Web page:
On the third Saturday every month, a handwritten note on the Billy Hooton United Methodist Church’s front sign reads, “Food Pantry today.”
The locals, who arrive early on Aug. 24, already know what day it is.
“I come every time the door is open,” said Curtis McBride of Oklahoma City. “It’s very important. I draw a check; you know, by the time you pay your rent and your bills, you broke. You are lucky to buy groceries.”
The food bank ministry began nearly 30 years ago. Each month, the Oklahoma Food Bank delivers a truckload of food to the Native American church.
The frozen food goes into the freezers located in a storage closet in the front of the sanctuary. The fresh produce goes in the open space next to the pulpit. Dry goods fill the remaining rooms and line the hallways.
“We are thrilled with what we have here now,” said Alfreda Hibbard, a church member, as she walks around the packed sanctuary. “We have some really nice veggies this time: onions, potatoes, bananas, apples and grapes.”
Hibbard, 81, has worshipped in the makeshift food storage space since she was a young girl. She recalls that the church was not always a Native church.
When the church moved to the Oklahoma Indian Missionary Conference, Hibbard was undeterred by the fact that she is not Native American. She was already a member; she was married in the church and she planned to stay.
The congregation has become very small with the passing of time and church members. However, a handful of elderly women refuse to let the food ministry go because it reaches so many families in the community.
“We service 60 to 80 families monthly,” Hibbard said.
In the heyday of the food program, she recalls, a donor would put money into their food bank account, number 721. With money in their account, the church members were able to place orders in addition to what arrived in the trucks.
“There would not be a parking space in the lot, and hundreds of people were lined up because when we have money in our account, we are able to purchase higher-quality foods such as lamb, buffalo, a wide variety of canned goods and fresh produce.”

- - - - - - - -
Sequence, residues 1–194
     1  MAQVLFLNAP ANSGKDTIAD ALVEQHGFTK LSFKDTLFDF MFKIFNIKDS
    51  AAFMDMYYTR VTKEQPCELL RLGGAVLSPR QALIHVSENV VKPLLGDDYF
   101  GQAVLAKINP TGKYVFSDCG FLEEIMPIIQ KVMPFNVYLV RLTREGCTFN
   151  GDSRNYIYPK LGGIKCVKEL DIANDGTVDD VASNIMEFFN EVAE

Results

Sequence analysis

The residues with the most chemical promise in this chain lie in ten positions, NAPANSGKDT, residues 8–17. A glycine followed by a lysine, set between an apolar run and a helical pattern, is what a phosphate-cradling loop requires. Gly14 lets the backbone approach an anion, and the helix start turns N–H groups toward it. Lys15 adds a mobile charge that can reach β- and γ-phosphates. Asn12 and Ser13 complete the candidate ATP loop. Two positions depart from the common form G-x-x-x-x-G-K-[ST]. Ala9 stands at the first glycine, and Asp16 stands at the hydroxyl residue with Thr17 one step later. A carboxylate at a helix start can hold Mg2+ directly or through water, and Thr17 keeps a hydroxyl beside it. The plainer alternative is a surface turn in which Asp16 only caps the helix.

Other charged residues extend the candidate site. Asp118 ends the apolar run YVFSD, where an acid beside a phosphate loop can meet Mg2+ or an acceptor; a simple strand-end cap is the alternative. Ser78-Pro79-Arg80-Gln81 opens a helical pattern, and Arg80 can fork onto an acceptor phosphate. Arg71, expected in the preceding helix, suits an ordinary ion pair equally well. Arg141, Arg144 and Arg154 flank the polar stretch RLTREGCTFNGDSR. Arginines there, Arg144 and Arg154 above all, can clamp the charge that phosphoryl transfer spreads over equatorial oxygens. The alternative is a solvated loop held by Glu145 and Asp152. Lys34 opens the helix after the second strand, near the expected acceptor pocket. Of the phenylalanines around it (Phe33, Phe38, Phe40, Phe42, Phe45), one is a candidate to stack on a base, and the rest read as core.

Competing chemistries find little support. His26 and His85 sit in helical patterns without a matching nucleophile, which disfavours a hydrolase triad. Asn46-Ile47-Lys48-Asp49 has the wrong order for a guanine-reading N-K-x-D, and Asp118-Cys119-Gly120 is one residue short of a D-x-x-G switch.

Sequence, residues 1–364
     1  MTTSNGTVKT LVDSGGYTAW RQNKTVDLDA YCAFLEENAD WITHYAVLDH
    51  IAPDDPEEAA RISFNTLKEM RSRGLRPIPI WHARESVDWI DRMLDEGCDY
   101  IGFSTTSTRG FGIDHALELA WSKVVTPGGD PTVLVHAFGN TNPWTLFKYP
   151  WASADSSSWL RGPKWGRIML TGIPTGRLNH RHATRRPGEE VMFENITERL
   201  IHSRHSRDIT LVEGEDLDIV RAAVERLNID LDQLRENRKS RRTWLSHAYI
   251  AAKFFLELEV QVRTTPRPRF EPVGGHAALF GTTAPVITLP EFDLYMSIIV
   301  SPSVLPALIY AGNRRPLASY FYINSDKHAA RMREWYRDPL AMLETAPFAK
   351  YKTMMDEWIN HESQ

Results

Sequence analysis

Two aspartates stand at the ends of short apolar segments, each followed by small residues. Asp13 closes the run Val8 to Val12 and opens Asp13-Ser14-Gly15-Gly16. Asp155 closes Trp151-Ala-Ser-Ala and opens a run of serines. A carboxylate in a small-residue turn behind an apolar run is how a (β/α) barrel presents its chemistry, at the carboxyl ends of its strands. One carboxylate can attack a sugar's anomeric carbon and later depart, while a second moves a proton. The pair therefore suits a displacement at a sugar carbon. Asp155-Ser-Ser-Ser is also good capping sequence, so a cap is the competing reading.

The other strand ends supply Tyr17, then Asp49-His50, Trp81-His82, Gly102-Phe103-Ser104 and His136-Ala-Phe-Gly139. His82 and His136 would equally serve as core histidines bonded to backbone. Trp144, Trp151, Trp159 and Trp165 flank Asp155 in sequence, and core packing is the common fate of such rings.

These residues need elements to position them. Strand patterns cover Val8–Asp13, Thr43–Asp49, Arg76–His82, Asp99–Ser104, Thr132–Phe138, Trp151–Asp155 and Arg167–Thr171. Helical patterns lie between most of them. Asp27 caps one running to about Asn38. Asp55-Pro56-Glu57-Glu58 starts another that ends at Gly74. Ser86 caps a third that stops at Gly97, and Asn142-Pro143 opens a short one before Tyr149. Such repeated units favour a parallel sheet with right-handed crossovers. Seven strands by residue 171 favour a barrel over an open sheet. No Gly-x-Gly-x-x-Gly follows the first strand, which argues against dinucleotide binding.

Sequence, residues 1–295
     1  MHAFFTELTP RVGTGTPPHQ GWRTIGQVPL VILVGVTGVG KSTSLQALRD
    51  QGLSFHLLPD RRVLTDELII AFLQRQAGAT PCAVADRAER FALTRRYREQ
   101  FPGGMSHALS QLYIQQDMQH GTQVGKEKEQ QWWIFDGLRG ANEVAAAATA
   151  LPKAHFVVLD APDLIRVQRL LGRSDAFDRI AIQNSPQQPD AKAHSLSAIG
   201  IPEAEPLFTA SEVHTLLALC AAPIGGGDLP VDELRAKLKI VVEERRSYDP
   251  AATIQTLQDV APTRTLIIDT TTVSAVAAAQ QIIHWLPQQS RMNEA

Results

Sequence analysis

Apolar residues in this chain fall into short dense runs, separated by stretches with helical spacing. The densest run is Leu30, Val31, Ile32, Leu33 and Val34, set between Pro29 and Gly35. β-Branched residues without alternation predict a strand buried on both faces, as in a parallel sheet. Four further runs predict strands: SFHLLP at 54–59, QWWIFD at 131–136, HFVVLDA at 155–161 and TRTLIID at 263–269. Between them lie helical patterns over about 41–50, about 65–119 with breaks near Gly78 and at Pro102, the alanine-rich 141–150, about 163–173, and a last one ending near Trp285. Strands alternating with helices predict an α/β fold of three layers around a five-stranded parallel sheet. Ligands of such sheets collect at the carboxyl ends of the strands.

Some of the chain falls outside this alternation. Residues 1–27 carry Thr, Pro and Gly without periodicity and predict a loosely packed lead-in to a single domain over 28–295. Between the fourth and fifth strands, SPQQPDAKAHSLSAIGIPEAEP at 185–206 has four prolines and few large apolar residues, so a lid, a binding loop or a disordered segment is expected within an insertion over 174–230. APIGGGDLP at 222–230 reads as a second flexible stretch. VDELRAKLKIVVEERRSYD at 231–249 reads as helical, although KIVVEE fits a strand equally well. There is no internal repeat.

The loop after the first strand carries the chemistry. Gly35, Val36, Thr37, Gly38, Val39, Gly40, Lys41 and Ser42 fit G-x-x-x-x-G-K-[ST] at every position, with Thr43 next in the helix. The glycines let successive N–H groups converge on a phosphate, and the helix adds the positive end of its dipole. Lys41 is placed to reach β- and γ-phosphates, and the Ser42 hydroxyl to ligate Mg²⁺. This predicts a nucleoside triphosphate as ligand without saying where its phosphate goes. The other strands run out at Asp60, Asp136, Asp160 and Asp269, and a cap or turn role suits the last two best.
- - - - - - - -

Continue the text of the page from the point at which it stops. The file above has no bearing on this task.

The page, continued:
The meat items this week include beef jerky in two forms, shredded or chunks, as well as fish filets, chicken breasts and small steaks.
“Sometimes, we don’t have enough people to help,” said Marie Sensibaugh, another church member. “Then, the Lord just brings people in and they start to help each other. That’s what we are here for, to help each other.”
The Rev. David Wilson, Oklahoma Indian Missionary Conference superintendent, said the women at Billy Hooton United Methodist Church “are definitely faith in action.
“They do amazing things with very little resources,” he said.
Wilson said that sometimes the produce or milk have quick expiration dates and the women will jump in their cars or go door to door to deliver the goods to people who can use it in the nearby area.
Throughout the week, church members sort and prepare boxes with the dry goods. The boxes are stacked in the church reception area. On Saturday mornings, the ladies add fresh produce and frozen foods to the boxes.
“I thank God for places like this to help people,” said participant Gary McBride, who came from Oklahoma City with his brother. “There’s all kind of people out here that need help to get up on their feet and to feed their families.”
Church members also have begun a partnership with Mark Twain Elementary School located directly across from the church. In the past, they have provided meals for children, school supplies and Christmas care packages.
Underwood is a communication consultant with ties to the Oklahoma Indian Missionary Conference. She is a member of the Comanche Nation of Oklahoma.